The live show was disrupted for several minutes after protesters unfurled a banner about university cuts and began chanting at Education Minister, Christopher Pyne.
Host Tony Jones, who could not hear directives in his earpiece, apologised after the show had to cut to an earlier episode with Katie Noonan singing.
While the show has previously endured a shoe-throwing incident, thankfully it is yet to face anything too serious.
“Over the last 6 years Q&A has become an important platform for Australians to discuss issues of national importance and a valuable opportunity for Australian citizens to question the politicians and others whose decisions affect their lives.
“It does that by bringing Australian citizens and our political leaders together and creating a forum for intelligent discussion and debate.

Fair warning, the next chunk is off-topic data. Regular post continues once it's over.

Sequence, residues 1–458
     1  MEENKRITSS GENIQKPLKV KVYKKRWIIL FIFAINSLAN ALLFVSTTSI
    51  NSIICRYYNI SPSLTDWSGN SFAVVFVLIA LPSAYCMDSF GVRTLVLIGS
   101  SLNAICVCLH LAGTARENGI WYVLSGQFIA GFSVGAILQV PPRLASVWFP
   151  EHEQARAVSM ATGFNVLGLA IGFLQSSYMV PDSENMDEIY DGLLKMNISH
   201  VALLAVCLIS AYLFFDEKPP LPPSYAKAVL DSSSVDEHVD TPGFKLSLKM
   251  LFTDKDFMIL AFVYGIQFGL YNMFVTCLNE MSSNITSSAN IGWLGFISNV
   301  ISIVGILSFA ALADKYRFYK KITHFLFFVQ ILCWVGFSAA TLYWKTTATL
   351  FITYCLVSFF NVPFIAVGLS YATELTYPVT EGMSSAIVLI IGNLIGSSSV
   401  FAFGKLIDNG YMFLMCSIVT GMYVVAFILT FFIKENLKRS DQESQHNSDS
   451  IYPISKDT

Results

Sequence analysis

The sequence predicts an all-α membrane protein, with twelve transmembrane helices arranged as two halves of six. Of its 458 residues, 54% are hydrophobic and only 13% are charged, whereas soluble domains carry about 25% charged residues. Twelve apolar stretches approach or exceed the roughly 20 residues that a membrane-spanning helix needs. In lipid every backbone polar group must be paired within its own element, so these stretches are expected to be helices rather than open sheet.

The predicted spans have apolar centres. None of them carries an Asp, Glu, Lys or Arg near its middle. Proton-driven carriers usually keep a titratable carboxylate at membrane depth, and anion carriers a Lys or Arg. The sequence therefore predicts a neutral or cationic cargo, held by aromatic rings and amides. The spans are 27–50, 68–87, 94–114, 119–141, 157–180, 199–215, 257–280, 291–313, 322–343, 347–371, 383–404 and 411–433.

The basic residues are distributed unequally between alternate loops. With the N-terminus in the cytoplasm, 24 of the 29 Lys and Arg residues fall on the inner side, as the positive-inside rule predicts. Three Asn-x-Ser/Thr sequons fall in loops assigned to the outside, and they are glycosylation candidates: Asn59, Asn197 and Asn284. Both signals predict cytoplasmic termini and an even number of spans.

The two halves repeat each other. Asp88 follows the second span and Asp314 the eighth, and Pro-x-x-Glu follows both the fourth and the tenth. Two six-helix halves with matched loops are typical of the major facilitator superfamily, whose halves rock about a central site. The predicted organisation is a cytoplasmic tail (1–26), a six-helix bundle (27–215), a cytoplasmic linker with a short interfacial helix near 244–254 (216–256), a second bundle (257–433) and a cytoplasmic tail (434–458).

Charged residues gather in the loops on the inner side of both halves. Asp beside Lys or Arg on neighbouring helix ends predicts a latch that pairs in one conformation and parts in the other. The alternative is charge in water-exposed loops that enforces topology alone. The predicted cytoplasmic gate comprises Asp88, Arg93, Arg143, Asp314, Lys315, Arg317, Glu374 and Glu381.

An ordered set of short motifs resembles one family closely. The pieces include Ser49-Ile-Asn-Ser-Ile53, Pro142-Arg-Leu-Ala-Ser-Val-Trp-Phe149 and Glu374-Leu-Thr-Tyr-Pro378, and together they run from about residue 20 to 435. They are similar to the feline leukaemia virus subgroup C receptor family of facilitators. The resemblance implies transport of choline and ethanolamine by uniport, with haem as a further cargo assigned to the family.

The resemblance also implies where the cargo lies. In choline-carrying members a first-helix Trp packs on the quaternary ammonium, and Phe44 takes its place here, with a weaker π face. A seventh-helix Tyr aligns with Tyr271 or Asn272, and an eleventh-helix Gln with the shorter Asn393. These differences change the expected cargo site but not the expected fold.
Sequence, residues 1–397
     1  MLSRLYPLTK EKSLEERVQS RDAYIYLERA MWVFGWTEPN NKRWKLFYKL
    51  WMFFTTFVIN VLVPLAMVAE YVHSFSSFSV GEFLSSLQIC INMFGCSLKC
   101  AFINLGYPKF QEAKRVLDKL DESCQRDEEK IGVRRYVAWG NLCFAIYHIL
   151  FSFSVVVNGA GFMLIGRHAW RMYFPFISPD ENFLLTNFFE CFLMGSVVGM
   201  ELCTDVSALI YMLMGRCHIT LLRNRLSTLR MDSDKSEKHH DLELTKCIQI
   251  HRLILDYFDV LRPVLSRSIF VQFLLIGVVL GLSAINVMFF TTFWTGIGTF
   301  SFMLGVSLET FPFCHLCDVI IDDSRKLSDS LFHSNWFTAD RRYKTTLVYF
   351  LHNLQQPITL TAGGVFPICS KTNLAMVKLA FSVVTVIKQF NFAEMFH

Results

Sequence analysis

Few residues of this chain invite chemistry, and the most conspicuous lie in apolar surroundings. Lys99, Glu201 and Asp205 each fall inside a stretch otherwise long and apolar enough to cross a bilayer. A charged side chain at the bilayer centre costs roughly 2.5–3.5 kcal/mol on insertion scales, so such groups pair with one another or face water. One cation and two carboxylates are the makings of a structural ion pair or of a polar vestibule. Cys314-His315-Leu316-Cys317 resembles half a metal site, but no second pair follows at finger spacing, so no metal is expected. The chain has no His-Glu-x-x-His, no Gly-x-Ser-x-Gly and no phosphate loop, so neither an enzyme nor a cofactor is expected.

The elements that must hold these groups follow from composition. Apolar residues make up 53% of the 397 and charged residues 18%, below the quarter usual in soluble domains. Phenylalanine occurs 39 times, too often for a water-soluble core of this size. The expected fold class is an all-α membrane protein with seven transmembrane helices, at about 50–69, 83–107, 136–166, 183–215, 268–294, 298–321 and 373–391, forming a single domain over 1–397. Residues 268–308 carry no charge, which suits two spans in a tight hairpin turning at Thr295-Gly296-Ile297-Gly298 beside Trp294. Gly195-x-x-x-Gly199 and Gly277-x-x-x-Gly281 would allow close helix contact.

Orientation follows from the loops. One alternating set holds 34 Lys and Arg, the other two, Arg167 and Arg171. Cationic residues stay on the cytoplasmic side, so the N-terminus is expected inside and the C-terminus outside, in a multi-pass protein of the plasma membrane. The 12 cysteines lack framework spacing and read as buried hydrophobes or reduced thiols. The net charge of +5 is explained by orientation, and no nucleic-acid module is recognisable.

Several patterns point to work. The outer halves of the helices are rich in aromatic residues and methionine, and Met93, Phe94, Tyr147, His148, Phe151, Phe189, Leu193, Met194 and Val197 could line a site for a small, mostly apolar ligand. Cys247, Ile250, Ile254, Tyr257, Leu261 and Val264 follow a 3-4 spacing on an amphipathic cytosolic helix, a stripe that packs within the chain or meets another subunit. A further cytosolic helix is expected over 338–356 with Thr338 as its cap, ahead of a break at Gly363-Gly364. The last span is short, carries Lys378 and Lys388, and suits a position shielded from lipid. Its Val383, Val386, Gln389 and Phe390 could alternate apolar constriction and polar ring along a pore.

“Inevitably that creates the risk that someone will try and hijack Q&A to make a point. This happened on Monday’s program, despite a clear conversation with the audience prior to broadcast insisting on courteous and polite debate, respectful of others views.
“When the program was disrupted, host Tony Jones condemned the protestor’s actions before the decision was made to suspend the live telecast.
“We are now reviewing our procedures to make sure we reduce that risk and the program does what it should do – provide an opportunity for citizens to ask tough questions and get answers from our politicians. Illegible banners and chants aren’t a substitute for intelligent debate.
“Q&A already identifies all audience members and puts together a representative audience based on voting intention but as we saw it only takes a small group to disrupt the discussion.
“We have already apologised on-air and after last night’s program to the panellists and we will be making a further apology to education minister Christopher Pyne today.”